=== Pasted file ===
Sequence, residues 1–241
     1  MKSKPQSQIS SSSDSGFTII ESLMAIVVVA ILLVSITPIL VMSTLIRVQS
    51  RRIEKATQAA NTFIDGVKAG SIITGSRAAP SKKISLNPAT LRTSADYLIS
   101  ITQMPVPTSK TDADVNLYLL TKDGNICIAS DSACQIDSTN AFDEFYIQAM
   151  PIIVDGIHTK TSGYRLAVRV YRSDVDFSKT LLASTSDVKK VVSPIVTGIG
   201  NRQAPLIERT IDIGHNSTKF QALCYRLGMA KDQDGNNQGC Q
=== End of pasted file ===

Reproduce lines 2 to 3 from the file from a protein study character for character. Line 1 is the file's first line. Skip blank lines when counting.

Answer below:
     1  MKSKPQSQIS SSSDSGFTII ESLMAIVVVA ILLVSITPIL VMSTLIRVQS
    51  RRIEKATQAA NTFIDGVKAG SIITGSRAAP SKKISLNPAT LRTSADYLIS